Following is the order by MAT
There is an urgent need to make rules consistent with the provisions of Right To Information Act, 2005 especially Section 15 thereof for selections to the posts of Chief Information Commissioner and Information Commissioners. It will be desirable to have the rules in place much before the next selection is taken up for consideration by the High Powered Committee under the Information act. The directions of the Hon’ble Supreme Court in Namit Sharma’s case (reviews judgment) be carefully perused and implemented.
It will be within the discretion of the Committee to fix the eligibility criteria for the said posts. But there again, the provisions of the Information Act may be strictly followed and it be ensured that the legislative mandate to have eminent persons from all the various disciplines like Law, Science and Technology etc should be given full scope to complete
The criteria should be duly publicised well in advance before the selection process begins. Sufficiency and mode of publicity of the said criteria will be within the discretion of the Committee
The selection process must be transparent and definitive without any scope for apprehension of partiality, favouritism and such other vices. There must be a definitive time frame from the commencement of the said process till its conclusion without submission of the recommendations to His Excellency, the Governor
The Chief Secretary, Government of Maharashtra is requested to bring this judgment of the notice of the Hon’ble Chairman and Hon’ble members of the Committee for information and action. …the Chief Secretary of the Government of Maharashtra may report compliance herewith within eight weeks from today (16 April 2015).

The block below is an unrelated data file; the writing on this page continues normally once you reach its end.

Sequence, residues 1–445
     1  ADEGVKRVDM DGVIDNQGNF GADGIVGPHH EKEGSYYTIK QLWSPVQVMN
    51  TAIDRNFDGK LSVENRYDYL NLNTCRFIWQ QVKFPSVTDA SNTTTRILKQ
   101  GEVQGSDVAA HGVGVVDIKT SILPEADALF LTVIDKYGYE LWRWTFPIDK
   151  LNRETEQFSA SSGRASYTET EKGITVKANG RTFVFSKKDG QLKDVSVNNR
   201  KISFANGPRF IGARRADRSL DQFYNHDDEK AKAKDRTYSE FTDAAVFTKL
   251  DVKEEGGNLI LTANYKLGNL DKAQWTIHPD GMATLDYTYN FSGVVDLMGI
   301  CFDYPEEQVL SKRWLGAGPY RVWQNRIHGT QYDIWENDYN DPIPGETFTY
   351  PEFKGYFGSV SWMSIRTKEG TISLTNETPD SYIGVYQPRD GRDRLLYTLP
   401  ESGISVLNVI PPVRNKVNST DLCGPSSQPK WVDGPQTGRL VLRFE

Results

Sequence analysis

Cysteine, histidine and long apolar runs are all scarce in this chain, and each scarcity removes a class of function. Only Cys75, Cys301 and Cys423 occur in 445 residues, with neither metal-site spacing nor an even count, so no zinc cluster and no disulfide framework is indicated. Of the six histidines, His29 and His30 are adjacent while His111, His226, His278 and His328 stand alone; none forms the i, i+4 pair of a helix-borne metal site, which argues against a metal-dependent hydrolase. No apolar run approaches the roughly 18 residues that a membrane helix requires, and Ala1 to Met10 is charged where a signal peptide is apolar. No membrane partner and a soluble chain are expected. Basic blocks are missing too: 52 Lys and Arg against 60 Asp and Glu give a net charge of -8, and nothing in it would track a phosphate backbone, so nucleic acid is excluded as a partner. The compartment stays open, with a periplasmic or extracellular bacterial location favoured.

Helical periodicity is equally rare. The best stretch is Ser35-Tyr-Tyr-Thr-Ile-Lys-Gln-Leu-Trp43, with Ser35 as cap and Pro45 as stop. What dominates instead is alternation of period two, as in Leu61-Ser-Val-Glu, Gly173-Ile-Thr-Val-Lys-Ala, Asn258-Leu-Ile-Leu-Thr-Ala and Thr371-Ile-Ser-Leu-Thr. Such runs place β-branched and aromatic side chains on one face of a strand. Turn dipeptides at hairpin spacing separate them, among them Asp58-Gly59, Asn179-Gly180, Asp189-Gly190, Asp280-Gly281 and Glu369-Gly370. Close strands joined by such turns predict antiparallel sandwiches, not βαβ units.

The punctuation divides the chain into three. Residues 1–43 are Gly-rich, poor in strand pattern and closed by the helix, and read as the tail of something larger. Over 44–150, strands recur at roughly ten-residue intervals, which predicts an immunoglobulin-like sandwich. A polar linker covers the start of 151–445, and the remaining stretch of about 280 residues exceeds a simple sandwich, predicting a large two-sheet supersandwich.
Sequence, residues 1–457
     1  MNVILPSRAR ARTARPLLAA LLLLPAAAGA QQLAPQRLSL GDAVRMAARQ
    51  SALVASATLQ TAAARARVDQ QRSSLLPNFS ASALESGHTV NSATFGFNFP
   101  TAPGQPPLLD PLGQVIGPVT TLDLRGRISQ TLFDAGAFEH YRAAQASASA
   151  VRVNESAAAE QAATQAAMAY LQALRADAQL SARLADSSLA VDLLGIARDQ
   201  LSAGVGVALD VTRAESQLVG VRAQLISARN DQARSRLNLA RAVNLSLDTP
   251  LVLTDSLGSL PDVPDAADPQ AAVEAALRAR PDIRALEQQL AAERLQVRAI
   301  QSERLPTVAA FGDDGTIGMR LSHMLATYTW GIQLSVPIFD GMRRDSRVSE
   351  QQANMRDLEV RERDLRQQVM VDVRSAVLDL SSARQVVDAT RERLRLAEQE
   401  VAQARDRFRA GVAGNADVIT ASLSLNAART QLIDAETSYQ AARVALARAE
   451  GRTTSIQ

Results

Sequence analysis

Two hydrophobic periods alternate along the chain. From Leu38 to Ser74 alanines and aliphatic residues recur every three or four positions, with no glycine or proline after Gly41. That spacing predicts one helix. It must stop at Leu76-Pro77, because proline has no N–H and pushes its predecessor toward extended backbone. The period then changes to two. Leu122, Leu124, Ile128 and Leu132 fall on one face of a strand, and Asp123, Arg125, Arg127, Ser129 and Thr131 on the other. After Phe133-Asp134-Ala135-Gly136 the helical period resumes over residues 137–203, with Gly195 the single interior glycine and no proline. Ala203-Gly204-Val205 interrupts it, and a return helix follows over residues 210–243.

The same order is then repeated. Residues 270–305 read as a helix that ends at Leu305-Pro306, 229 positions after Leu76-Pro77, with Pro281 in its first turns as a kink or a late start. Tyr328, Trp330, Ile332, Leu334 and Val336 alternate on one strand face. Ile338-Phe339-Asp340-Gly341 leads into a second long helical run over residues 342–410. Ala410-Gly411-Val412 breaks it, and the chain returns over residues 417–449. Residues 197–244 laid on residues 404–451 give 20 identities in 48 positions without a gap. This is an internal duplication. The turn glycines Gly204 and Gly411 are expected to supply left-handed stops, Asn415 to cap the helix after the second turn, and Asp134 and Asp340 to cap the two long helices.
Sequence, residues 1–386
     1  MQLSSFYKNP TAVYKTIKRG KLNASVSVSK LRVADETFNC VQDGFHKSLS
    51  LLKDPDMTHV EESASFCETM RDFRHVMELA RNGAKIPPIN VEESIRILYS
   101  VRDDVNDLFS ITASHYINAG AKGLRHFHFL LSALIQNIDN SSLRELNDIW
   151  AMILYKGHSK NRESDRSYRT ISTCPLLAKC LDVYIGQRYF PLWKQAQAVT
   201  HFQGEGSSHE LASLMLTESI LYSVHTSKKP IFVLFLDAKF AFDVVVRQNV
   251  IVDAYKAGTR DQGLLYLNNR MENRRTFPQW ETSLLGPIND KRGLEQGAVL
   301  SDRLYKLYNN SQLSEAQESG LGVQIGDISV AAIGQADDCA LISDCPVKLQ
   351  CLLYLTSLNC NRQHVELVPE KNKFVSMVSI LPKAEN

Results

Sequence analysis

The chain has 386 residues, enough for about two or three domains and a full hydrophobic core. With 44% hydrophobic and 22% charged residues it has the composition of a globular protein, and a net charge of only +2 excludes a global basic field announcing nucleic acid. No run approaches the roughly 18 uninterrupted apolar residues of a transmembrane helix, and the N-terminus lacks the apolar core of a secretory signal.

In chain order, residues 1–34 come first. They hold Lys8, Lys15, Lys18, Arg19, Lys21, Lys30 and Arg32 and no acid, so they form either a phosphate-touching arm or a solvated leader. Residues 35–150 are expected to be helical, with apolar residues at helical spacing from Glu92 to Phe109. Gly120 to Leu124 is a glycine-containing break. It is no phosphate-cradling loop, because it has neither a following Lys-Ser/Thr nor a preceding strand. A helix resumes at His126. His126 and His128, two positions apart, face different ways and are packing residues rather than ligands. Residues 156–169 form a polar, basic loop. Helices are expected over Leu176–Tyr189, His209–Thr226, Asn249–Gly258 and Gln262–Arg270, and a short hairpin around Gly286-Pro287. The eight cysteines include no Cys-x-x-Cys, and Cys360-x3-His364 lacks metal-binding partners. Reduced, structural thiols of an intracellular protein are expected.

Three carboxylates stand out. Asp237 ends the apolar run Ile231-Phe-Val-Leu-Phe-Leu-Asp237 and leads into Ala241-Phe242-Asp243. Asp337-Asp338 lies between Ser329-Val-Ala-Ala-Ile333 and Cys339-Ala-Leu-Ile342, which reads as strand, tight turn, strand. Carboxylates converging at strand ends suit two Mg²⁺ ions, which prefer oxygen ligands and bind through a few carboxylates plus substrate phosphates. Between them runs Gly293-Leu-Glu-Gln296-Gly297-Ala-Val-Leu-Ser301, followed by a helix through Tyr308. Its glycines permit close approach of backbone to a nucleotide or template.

Rules for removal of information commissioner

Notwithstanding anything contained in sub-section (1), the President may by order remove from office the Chief Information Commissioner or any Information Commissioner if the Chief Information Commissioner or a Information Commissioner, as the case may be,– is adjudged an insolvent; or has been convicted of an offence which, in the opinion of the President, involves moral turpitude; or engages during his term of office in any paid employment outside the duties of his office; or is, in the opinion of the President, unfit to continue in office by reason of infirmity of mind or body; or has acquired such financial or other interest as is likely to affect prejudicially his functions as the Chief Information Commissioner or a Information Commissioner.
If the Chief Information Commissioner or a Information Commissioner in any way, concerned or interested in any contract or agreement made by or on behalf of the Government of India or participates in any way in the profit thereof or in any benefit or emolument arising there from otherwise than as a member and in common with the other members of an incorporated company, he shall, for the purposes of sub-section (1), be deemed to be guilty of misbehavior.
(Vinita Deshmukh is consulting editor of Moneylife, an RTI activist and convener of the Pune Metro Jagruti Abhiyaan. She is the recipient of prestigious awards like the Statesman Award for Rural Reporting which she won twice in 1998 and 2005 and the Chameli Devi Jain award for outstanding media person for her investigation series on Dow Chemicals. She co-authored the book “To The Last Bullet - The Inspiring Story of A Braveheart - Ashok Kamte” with Vinita Kamte and is the author of “The Mighty Fall”.)




1 year ago

Its time to clean the govt offices of such officers/employees.Its time strong action is taken

Now That ACB raids have revealed disproportionate assets to his know source of income what about IT and other departments,will they too question them,

We talk about black money stashed abroad by individuals, but what about the govt employees here who have amassed huge wealth here itself.

Shirish Sadanand Shanbhag

1 year ago

By appointing corrupt officers as a State Information Commissioner, Maharasahtra State will lose its value.